I have two new shoes to test out in the upcoming months: Faux Fur-Lined Tom’s & Yoga Sling Sanuks. The box was waiting on my doorstep as I came home from work today and I seriously did a happy dance. Shoes! 🙂

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So far they’re both very comfortable. I’m bringing both on an upcoming trip, so I’ll let you know how they hold up.

Magical Thinking #2: I can gargle my sore throat away

Way less fun is my sore throat that refuses to subside. It started last Friday and has progressively gotten worse, not better. Despite heaps of vitamin C, garlic, immune boosters, salt water gargling, and my ACV elixir. I was on the fence about whether to skip my Enbrel and methotrexate this week, because both are immune suppressants. My RA symptoms have definitely been more active recently, so I begrudgingly skipped the drugs. Sure enough, today they’re flaring a bit again. So much ugh, only new shoes could cheer me up (see above, yay!).

The surprisingly not awful, throat-soothing, but in no way a cure, ACV elixir recipe:

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  • A generous splash of organic apple cider vinegar
  • A dash of cayenne pepper
  • A dash of ground giner
  • A heap of honey
  • A squeeze of lemon
  • Enough hot water to mix it up and make it palatable

Magical Thinking #3: I’m ready to start training for another marathon

It’s counter intuitive, I know. I’m sick, my RA symptoms are flaring, I just bought two new pairs of shoes and they have nothing to do with running…. But there’s something about being stuck on the couch that makes me brainstorm big goals. I’ve mapped out a 10k in May, a half marathon in July, and marathon in October.

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We’ll see. The timing may change and the races may change, but I’m motivated to push myself to train for something, despite (or maybe because of) the pain!

 

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‘Tis the Season to be Screwed by Insurance

Ah, late December. A time of beautiful lights, giving, and the great health insurance scramble.

As co-founder of my company, I’m lucky enough to have a huge impact on choosing the health insurance we provide. One of the deciding factors for me is being able to get my Rheumatoid Arthritis drugs at a low co-pay. Through United Healthcare, it’s been $10 per month for methotrexate, $10 per month for folic acid, and $30 per month for Enbrel.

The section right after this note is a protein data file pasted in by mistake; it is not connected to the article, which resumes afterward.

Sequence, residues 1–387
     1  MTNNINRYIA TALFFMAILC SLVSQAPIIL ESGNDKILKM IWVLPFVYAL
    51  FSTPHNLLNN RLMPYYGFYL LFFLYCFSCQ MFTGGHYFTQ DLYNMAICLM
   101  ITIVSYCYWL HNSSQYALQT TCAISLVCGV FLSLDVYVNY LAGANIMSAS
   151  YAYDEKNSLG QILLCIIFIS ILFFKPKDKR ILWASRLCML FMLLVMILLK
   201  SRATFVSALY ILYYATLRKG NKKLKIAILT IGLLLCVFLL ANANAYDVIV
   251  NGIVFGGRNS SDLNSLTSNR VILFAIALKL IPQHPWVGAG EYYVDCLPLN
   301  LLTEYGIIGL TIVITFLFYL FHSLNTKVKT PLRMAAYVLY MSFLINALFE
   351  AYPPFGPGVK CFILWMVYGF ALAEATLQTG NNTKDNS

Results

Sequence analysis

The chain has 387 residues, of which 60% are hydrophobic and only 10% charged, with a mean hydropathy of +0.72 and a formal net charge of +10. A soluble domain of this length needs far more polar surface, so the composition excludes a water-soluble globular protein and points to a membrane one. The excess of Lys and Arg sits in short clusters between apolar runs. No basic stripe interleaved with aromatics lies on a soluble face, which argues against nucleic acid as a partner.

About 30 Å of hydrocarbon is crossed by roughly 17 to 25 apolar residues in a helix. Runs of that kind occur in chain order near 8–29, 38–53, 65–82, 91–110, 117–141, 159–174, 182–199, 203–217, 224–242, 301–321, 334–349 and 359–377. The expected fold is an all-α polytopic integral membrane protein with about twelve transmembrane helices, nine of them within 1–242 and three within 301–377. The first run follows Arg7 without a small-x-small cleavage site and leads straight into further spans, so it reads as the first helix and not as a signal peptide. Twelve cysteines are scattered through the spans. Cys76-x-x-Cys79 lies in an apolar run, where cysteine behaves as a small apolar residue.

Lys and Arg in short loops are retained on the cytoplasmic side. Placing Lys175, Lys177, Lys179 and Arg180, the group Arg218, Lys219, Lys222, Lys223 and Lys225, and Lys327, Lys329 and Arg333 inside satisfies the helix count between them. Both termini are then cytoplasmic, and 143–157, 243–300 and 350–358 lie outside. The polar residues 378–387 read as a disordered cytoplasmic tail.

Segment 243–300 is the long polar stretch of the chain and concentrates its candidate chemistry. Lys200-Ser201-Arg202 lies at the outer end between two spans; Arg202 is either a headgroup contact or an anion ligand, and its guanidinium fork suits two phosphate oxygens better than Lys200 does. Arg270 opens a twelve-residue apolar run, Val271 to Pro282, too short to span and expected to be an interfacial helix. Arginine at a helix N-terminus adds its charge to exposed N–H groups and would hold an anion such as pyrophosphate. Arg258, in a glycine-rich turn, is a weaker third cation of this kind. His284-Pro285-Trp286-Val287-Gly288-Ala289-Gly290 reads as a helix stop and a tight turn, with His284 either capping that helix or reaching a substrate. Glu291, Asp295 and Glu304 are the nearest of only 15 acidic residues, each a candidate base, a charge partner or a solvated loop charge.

In other words, $50 a month for drugs. A reasonable-enough price to pay for my health. It is the number one reason we decided to keep our UHC plan for 2015.

So shock me, shock me, shock me (Any Empire Records fans? Read on, there’s a gif for you below.) when I get a letter saying that beginning January 1, 2015, Enbrel will be considered a “Tier 4” drug and will not be eligible for the Enbrel Assistance program. After some digging, I found out that this means it’s going up to $250 per month with no opportunity to enroll in any payment assistance programs Enbrel provides.

What? Merry Christmas to you too, United Healthcare.

Their advice? Try another drug.

That’s all good and fine. They’re willing to cover Humira or Cimzia, but I’m feeling pretty violated. I know violated may seem like a strong word for this situation, but that’s how it’s feeling. I’m being forced to put an unknown drug into my body because my healthcare has made an arbitrary change to their coverage. Enbrel is a known quantity for me. It’s effective in treating my RA, side effects are pretty minimal for me, and my body is used to it. Humira and Cimzia are not.

Not to mention, my rheumatologist claims that though the risk of switching is “probably pretty minimal”, there is a risk that I could lose the efficacy of Enbrel if I ever need it again. Joy!

So, have any of you RA folks made the change from Enbrel to Humira or Cimzia? How did it go? Are any of you on Humira or Cimzia? How did you like it?

Thanks for all your input and Happy Holidays to you all (in the non-grinchy, healthcare-trying-to-screw-you way, of course!)

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Hope, Acceptance and a New Normal

Oh man, I’ve been neglecting this blog! Sorry guys. There’s nothing like that three month rheumatologist appointment to remind me to get writing!

I’ve been thinking a lot about the journey I’ve been on with my RA. I went from the fear that came with diagnosis, to dogmatic hope and determination that I could get rid of said pesky diagnosis, to bleak acceptance, to a sort of new normal.

That new normal is what I want to talk about. I think it probably looks different for everybody.

But, at any rate, here’s what my new normal means for me:

  • it means I normally operate with an acceptance of my disease – it’s chronic, it’s painful, it ebbs and flows
  • it means I still hold onto the hope that better scientific research may lead to better treatments and possibly a cure
  • it means that I constantly remind myself that “chronic” is just a word. Diseases change and even chronic ones may go away